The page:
The Cowboy and “The Cowboy”
Posted January 16, 2015on:
“I was born to ride…”
In 1953 Robert L. Lippert commissioned a feature film to be directed by noted film editor, Elmo Williams (Academy Award winner for “High Noon”), who is still alive at 102. It was to star Lloyd Bridges, Lee J. Cobb, Marie Windsor and Luther Adler. Lippert, always interested in getting talent to work cheap, got three of the stars at a bargain rate because they were HUAC-tainted, and needed work.
Production commenced in Deming, New Mexico, and local real-deal cowboys were retained as wranglers. Among them, L.B. “Beau” Johnson, Robert Johnson, Ross May and Darrell Hawkins.
Both Williams and his wife, Lorraine, were fascinated by the cowboys who worked on the picture, and she envisioned a full-length documentary about cowboy life featuring the same cowboys who worked in “The Tall Texan.” The estimated budget was around $50,000 (under $500,000 in 2014 dollars), low because there was no need to pay for stars, sets or sync sound. The meager budget, even by Lippert standards, may account for why the penurious producer sprung for filming in color.
Both movies turned out very well, and made money. “The Cowboy” was particularly successful in the Southwest. Later, when it was released in 16mm, it became a perennial favorite at Indian reservations.
In 2004 I purchased the Lippert film library, and envisioned a DVD release of “The Cowboy” with the usual special features VCI Entertainment and I specialize in. But, what special features could I come up with?
Later on I got a phone call from Bridget Kelly who worked with filmmakers in New Mexico, asking if the movie could be shown to an audience in Deming. Of course I said yes, and inquired if she knew what became of the cowboys. She replied that four of them were coming to the screening!
A commentary track featuring the actual cowboys looking at the movie a half-century later…yessss!
It was arranged to get them together for a recording session. My wife, Donna, and I went to Deming and awaited the cowboys. The first one, Beau Johnson, arrived with his wife in an old car that didn’t look as if it had been through a car wash in 15 years; papers all over the dash, license plate hanging on for dear life. There he was, complete with faded Wrangler’s, old boots, sweat-stained hat, and a big silver buckle, speaking authentic “cowboy,” of course. Was he ever a warm and wonderful character. His passion was race horses, and he owned them…why bother with a new car when you own championship horses? Next came Beau’s brother, Robert, Ross May and finally Darrell Hawkins, great guys all. Hawkins even gave me a lesson on trick roping.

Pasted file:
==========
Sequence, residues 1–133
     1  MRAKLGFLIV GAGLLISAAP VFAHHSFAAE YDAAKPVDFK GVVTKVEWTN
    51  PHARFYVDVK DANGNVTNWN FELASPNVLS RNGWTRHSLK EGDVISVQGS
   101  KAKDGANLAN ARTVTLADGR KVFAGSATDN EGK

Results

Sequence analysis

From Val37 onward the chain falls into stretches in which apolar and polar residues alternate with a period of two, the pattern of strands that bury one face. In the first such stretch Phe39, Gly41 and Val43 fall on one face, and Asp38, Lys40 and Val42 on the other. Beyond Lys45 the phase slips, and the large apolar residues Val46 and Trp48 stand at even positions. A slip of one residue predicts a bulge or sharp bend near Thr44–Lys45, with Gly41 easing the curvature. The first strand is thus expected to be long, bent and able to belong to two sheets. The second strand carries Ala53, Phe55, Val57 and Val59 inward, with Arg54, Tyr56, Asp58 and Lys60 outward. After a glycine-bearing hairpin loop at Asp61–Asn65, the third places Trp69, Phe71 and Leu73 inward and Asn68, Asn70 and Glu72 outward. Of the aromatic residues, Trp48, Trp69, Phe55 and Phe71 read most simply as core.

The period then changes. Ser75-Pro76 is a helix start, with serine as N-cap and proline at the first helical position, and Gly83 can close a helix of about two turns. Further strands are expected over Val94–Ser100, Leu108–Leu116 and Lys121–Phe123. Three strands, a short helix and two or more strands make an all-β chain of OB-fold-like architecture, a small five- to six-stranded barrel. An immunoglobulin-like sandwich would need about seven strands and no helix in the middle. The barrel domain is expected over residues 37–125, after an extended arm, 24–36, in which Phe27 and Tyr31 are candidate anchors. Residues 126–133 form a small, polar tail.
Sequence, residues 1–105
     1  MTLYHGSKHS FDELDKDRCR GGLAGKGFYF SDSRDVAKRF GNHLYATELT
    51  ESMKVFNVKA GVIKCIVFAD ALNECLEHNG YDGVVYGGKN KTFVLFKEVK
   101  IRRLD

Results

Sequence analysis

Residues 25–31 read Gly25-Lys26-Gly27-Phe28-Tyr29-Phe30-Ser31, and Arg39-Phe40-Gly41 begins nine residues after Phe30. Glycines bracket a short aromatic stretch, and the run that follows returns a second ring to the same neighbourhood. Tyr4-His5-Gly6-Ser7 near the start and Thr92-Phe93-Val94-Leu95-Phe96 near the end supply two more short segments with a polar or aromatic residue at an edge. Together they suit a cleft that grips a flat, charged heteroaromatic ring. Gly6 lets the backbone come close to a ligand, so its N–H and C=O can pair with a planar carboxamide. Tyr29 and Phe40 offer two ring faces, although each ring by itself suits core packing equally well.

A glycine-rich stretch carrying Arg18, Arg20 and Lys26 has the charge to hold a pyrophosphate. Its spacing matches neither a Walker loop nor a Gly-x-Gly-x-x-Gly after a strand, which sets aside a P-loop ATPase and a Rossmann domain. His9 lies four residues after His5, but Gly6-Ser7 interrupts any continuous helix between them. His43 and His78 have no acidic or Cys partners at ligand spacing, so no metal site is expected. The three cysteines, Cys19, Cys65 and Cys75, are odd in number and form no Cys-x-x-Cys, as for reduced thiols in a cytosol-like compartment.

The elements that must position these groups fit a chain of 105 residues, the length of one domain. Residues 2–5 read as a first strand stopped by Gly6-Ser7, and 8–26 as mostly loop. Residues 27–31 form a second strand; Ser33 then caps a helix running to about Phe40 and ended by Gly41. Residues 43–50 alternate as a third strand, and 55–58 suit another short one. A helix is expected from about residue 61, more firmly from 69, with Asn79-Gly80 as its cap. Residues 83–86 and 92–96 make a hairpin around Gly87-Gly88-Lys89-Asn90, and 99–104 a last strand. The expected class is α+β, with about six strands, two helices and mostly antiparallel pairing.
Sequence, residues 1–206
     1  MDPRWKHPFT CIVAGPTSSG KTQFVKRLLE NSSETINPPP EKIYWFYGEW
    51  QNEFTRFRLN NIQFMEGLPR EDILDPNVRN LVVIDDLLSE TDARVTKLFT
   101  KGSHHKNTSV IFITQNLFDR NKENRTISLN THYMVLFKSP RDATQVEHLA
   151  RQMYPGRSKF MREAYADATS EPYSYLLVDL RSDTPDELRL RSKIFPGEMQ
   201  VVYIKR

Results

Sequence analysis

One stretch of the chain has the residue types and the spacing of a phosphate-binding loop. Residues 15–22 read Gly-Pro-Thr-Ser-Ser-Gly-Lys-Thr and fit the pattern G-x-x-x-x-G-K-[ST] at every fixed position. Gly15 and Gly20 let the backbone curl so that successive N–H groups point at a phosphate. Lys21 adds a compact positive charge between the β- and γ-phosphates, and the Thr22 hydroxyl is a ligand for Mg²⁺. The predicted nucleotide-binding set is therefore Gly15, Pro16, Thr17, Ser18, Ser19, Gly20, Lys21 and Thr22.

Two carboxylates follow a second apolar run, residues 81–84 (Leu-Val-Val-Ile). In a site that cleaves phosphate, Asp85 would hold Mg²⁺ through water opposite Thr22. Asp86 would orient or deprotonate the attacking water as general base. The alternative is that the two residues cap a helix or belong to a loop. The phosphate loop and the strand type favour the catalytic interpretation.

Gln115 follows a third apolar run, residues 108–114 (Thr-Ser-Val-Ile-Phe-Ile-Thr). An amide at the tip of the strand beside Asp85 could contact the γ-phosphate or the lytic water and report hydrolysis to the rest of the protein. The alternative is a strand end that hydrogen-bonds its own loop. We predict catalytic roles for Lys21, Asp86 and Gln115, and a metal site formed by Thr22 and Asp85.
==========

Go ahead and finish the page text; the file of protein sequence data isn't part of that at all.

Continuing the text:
I had prepared for the recording session with lots of notes and questions to toss out to keep the guys talking throughout, hoping they’d make comments about what was occurring on the screen without much prompting from me. We rolled tape and Ross May, who had retired as a school teacher, took the lead as moderator…he was a natural…knew just how to keep everyone going as if he’d done it a thousand times. Tossed my notes in the garbage…didn’t need ‘em.
The result was great…a group of engaging old-timers reminiscing, often humorously, and with cowboy jargon, about an era that has, for all intents and purposes, long since passed.
Donna and I recently got a call out of the blue from Beau Johnson. Hadn’t spoken with him for many years although I had thought about him. He had been in the hospital, and I guess had survived a couple of brushes with death. His brother, Robert, is fine, but Ross and Hawkins are gone. Beau, still his jovial self, told us how much our friendship meant to him, which was totally unexpected, and touched us very much. He said he even kept a ribbon from a bottle of wine Donna gave him. Beau had another reason to call…a favor…asked if we’d call Elmo Williams and wish him a happy 103rd birthday. (It isn’t until next year, but we’ll be sure to call).
When we signed off, Beau told me he was born to ride a horse, and I told him “The Cowboy” commentary was the most fun I’ve ever had producing a special feature.
Additional DVD bonus features:
“The Making of The Cowboy” by Elmo Williams
“Ghost Towns of the Old West – the Deserts” narrated by Rip Torn
Top: Beau and Robert Johnson from “The Cowboy”
DVD cover: Beau Johnson
Other DVD’s from Kit Parker Films:
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